MBA Students Surpass Expectations at Xceed Financial
MBA students at Pepperdine University had long been offered courses working with local banks, but a case study program launched in the first quarter of 2010 introduced the school to the credit union industry.
The idea for the case study originated with an intern who found Xceed Financial Credit Union through an MBA program offered by the Filene Research Institute. Neha Marfatia, who graduated from Pepperdine University in 2008, used her contacts with the school to create a program that would afford the credit union direct contact with the Gen Y market.
Acting as liaison between the university and the credit union, Marfatia corresponded with Doreen Shanahan, program director at Pepperdine, to set up a case study program that would allow students to engage in actual business situations.
"They basically broke up into several different teams, and we kind of assigned them different employer groups," said Kathryn Davis, Xceed senior vice president, who worked with Marfatia. "During the course of the project they did research and then came back and gave us some really fantastic recommendations.
It was like a real-life business scenario; you kind of work on stuff and things happen, and then you have to redirect to kind of get back to the goal. So I think they really liked that, because you would not get that practical application just in a straight classroom setting."
According to Davis, students focused on online usage and strategic methods to revamp the credit union's website, xfcu.org, in addition to interacting with its select employee groups. "They had some ideas on how to get members that were already in the select employer group involved, so it was a really powerful opportunity to interact with them," she said.
In gathering research material, the MBA hopefuls used Facebook, LinkedIn and other social networking sites to contact SEGs and circulate performance surveys. Some students also visited businesses for interviews with company executives or socialized with workers in lobbies.
Throughout the project, Xceed executives met with the Pepperdine students to offer guidance and advice when needed. Marfatia also acted as a daily correspondent for the student groups, answering questions and helping navigate roadblocks in their research.
"In some cases folks were a little bit off, and we could help redirect or in some cases say, 'You're spot on. Keep going with that. I'm interested with what you're going to discover,'" said Davis. "Also, given their focus on select employer groups, we did hook them up with our business development officers, and they got an opportunity to ask them some questions, understand their role, and how the process worked. So I think they definitely got in touch with a lot of folks here at the credit union and understand how the credit union runs."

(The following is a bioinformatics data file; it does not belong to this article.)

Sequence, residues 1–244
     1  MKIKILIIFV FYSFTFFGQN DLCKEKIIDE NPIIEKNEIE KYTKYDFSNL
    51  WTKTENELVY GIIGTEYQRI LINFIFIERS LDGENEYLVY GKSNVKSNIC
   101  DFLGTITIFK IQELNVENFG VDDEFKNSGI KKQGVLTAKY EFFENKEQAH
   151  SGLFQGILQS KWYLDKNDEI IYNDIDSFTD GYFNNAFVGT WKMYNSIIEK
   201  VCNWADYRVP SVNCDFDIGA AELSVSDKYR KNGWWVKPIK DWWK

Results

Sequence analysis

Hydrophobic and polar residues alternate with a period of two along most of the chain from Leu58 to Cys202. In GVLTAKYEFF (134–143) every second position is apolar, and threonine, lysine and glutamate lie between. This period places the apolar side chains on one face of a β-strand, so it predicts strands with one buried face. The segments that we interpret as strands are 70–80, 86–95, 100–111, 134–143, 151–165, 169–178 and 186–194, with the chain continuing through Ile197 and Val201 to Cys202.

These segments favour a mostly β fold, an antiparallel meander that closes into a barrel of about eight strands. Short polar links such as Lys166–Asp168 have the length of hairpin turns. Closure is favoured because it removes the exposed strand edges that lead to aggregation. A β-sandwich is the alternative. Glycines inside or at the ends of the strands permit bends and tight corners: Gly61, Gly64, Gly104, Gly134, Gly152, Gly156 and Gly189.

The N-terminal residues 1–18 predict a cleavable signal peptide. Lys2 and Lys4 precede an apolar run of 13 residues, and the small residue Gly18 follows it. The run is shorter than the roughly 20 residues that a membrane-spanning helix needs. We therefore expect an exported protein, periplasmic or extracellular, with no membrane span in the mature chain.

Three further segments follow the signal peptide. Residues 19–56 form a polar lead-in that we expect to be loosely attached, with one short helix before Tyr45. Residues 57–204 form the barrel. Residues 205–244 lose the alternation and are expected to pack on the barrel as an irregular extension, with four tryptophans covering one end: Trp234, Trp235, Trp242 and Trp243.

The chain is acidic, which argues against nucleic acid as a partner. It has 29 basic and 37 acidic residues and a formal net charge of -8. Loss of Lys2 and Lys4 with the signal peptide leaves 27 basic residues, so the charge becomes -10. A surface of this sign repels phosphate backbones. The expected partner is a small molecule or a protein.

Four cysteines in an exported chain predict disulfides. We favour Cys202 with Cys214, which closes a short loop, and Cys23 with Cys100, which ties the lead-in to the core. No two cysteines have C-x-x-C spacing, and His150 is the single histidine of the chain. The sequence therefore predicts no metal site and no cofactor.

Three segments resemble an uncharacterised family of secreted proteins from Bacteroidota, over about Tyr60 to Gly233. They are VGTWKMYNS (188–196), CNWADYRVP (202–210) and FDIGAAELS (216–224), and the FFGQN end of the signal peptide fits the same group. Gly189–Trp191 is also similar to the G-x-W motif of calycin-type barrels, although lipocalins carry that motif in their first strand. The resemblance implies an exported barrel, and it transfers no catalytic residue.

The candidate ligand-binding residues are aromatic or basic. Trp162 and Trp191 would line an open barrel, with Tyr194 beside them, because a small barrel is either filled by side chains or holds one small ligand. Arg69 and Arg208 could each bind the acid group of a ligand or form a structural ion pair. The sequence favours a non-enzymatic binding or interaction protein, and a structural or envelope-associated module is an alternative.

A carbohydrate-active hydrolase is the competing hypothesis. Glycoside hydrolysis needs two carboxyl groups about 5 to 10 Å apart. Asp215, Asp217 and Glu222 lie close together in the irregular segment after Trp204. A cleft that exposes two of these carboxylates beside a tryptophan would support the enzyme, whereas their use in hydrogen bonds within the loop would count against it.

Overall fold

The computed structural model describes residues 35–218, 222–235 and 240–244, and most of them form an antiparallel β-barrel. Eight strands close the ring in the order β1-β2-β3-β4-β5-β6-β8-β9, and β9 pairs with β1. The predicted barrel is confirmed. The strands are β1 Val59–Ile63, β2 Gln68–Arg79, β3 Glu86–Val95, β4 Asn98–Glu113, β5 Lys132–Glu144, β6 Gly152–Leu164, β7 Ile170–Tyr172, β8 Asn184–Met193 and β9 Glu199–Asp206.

Marfatia believes that the program was successful and said that Xceed will continue to work with the University in the future.
At the beginning of the program just one of the 30 students could provide the definition of a credit union, but students' final presentations presented practical and innovative ideas for marketing to SEGs and expressed greater understanding of the credit union industry.
Six student teams presented the results of the quarter's research to Xceed executives before taking questions and receiving constructive feedback.
"It was interesting at the end of this entire case study, they were all really jazzed about credit unions and what it is we offer to members, and so that was kind of fun to hear," said Davis, who described the program as mutually beneficial. Marfatia added, "Our goal was to increase membership and get a better degree of penetration among our corporate clients, and so we wanted to understand what the demographics are of our existing clients and come up with some new strategies that we could reach out to them better."
According to Davis, the pilot program produced some useful ideas that are currently being implemented at Xceed. Quick and easy social networking suggestions are first on the agenda to target Gen Y and will be carried out by the end of the summer.
The unique experience offered by the case study has also prompted the university to invite Xceed back in the fall semester for a product and service level addition to the curriculum. "After the fall semester," Davis said, "we have talked about what will kind of follow up on that for the spring semester, so I think it's going to be a nice partnership with the university; they've been very nice to work with."
Initially assuming the role as an intern, Marfatia's performance handling the case study project earned her a full-time position as a product analyst at the credit union. "Initially, it was kind of a learning experience, and by week two I kind of figured out I wanted to stay here," she said.
Davis added, "And we didn't want to let her go."